Despite an overwhelming international consensus among experts alarmed by the mounting evidence of an impending global crisis, a tiny cadre of flat-Earthers continues to insist the urgent problem is nothing but a tissue of lies dreamed up by a nefarious band of power-hungry conspirators.
We're not talking about climate change. We're talking about Iraq's weapons of mass destruction.
Throughout much of the 1990s and early 2000s, the international community, successive presidential administrations, multiple independent bodies, and leading members of Congress all agreed that Saddam Hussein had stockpiled or was developing nuclear, biological, and chemical weapons in great number.
From the U.N. to the CIA to the halls of Congress, there was nearly unanimous consensus -- over the course of many years -- about Saddam's weapons programs. Even The New York Times ran a series of blockbuster articles by Pulitzer Prize-winning reporter Judith Miller about Saddam's weapons of mass destruction (reports the paper would later largely disavow).
A few skeptics claimed the evidence for WMDs was too ambiguous to justify the massive government intervention being called for at the time. But they were largely dismissed as cranks and ideological wingnuts. Serious people knew better.
Or at least they did until the invasion was over and the Iraq Survey Group started looking for the stockpiles. As the search dragged on, it became increasingly apparent that Iraq had very few such weapons. Instead of vast armories chock-full of biological, chemical, and nuclear weapons, searchers found only a few hundred artillery shells, mostly of older vintage, containing sarin or mustard gas. No reconstituted nuclear program. (So much for those ominious aluminum tubes.) No virulent biotoxins. (So much for the UAVs that Saddam supposedly could use to decimate America's Eastern Sseaboard.)
The lack of WMDs became a punch line -- actor Sean Penn joked about it during the 2004 Oscars -- and years after Colin Powell's presentation to the U.N. showing evidence for Saddam's WMD program, Katie Couric was still denouncing his performance as "an embarrassment."
Were Clinton, Bush, Gore, Kerry, and the rest of the Washington and international establishment lying -- or simply mistaken? Four years ago, CNN's Jack Cafferty said people certainly thought they had been lied to: "There's a perception in this country that we were lied to about the run-up to the war in Iraq," he said. And he was blunt about how lying officials should be dealt with: "If there was some kind of intent to deceive, then they ought to find out who did it, and tear their fingernails out, and then get rid of them."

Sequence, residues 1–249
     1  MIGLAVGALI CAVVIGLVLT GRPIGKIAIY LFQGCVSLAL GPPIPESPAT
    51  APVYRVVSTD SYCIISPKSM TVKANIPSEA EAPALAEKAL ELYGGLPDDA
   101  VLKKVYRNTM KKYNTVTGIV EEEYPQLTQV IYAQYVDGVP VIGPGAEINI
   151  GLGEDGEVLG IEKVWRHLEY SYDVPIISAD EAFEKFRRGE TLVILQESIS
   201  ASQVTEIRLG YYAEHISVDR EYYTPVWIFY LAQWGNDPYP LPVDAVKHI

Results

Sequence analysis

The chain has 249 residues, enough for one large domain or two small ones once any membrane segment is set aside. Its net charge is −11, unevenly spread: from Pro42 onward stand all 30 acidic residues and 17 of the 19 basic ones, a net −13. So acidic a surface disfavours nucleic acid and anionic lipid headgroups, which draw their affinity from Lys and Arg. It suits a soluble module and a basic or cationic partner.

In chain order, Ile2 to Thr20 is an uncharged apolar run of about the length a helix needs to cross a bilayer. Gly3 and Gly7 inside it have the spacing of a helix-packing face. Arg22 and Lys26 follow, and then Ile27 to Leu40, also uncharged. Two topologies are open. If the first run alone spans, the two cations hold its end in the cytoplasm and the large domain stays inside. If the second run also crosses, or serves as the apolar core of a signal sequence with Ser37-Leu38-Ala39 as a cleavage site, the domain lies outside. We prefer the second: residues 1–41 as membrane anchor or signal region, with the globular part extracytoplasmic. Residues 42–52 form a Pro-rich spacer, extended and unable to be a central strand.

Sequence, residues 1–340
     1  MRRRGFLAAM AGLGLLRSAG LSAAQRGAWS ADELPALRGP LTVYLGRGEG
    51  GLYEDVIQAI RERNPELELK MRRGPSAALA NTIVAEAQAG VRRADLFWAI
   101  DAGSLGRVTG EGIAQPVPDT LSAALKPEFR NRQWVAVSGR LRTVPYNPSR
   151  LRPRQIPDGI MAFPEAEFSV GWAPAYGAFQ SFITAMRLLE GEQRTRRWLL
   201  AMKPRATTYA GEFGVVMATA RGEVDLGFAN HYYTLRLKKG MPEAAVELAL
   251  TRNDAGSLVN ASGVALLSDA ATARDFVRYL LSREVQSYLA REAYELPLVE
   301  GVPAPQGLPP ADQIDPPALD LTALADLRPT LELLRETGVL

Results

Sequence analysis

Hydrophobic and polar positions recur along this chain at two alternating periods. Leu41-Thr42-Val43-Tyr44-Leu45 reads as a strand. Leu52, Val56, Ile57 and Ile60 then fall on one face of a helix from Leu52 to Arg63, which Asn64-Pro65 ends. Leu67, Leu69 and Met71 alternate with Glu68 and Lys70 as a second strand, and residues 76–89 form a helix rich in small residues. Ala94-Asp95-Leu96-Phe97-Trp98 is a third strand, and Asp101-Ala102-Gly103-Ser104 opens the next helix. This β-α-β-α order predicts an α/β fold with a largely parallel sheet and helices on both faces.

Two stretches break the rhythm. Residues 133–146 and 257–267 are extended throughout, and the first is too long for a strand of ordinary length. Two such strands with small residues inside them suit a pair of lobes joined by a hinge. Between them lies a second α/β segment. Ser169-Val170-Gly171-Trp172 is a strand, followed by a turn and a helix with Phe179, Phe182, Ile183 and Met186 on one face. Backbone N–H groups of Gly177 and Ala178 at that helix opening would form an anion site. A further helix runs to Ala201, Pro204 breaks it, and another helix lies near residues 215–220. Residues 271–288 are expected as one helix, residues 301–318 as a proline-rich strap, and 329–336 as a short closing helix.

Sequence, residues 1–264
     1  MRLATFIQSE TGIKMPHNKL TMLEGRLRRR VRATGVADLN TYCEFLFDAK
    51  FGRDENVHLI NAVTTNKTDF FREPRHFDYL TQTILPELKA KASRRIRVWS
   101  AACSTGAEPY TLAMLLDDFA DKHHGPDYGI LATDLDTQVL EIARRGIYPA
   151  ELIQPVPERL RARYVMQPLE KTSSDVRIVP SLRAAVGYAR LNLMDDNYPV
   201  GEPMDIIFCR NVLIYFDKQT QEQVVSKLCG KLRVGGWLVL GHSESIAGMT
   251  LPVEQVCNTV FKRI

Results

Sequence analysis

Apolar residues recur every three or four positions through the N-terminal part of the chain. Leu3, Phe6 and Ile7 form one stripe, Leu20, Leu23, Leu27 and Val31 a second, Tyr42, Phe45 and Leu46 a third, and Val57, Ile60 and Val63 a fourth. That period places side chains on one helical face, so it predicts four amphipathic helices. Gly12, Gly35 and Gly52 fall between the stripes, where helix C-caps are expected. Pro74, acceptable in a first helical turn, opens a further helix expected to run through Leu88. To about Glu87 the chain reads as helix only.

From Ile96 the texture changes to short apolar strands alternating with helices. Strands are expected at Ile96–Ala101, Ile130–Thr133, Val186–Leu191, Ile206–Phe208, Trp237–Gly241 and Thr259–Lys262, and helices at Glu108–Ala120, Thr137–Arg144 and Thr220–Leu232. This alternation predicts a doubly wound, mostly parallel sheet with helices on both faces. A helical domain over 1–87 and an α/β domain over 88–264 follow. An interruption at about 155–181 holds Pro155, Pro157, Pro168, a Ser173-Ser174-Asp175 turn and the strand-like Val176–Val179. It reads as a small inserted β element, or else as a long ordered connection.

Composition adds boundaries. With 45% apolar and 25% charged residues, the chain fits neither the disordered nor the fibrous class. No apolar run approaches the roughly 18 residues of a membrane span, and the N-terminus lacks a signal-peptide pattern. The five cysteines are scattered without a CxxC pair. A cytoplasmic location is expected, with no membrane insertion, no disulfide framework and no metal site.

Now suppose someone uncovered internal communications, circa 2002, (a) conceding there was no evidence Saddam possessed WMDs; (b) discussing ways of keeping this information out of the hands of its critics -- if necessary, by dodging requests under the Freedom of Information Act -- and (c) manipulating intelligence to make it seem as though Iraq's weapons program was far more advanced than it really was.
We don't have to suppose. In May of 2005, the Downing Street Memo surfaced -- containing minutes of a meeting in July 2002, between British and U.S. officials. According to the memo, the Bush administration had settled on war months prior to the meeting. What's more, the head of Britain's secret intelligence service asserted that "the intelligence and facts were being fixed around the policy."
The Downing Street Memo quickly became a "smoking gun" -- further proof of the proposition that "Bush lied, people died." NBC, CBS, CNN, and MSNBC all drew attention to what NBC's David Gregory called "a rallying cry for war critics." NPR interviewed the mother of a deceased serviceman who compared news of the memo to "the little blurb that appeared in the paper that said there was a break-in at Watergate." By mid-June of 2005, U.S. Rep. John Conyers, more than 100 of his colleagues, and a half-million Americans had signed a letter demanding that President Bush respond to the questions raised by the memo.